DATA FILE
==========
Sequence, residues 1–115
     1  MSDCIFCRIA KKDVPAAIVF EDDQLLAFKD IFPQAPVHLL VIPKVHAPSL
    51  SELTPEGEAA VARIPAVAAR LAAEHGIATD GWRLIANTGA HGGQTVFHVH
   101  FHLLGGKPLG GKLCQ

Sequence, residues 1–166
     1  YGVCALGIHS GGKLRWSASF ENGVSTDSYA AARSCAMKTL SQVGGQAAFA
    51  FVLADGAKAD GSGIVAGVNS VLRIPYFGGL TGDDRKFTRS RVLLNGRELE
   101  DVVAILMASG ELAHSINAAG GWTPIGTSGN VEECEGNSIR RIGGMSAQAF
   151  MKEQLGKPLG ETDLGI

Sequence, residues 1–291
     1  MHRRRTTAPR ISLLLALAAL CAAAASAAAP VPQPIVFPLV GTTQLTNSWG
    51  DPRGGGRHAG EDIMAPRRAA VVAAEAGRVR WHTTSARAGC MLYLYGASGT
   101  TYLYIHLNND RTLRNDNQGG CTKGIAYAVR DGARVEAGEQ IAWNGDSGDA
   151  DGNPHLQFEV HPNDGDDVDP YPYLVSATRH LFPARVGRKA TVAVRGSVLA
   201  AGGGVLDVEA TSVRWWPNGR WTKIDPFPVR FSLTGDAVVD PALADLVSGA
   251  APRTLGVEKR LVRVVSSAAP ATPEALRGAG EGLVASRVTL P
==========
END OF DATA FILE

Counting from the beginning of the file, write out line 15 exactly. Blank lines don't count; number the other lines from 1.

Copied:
   201  AGGGVLDVEA TSVRWWPNGR WTKIDPFPVR FSLTGDAVVD PALADLVSGA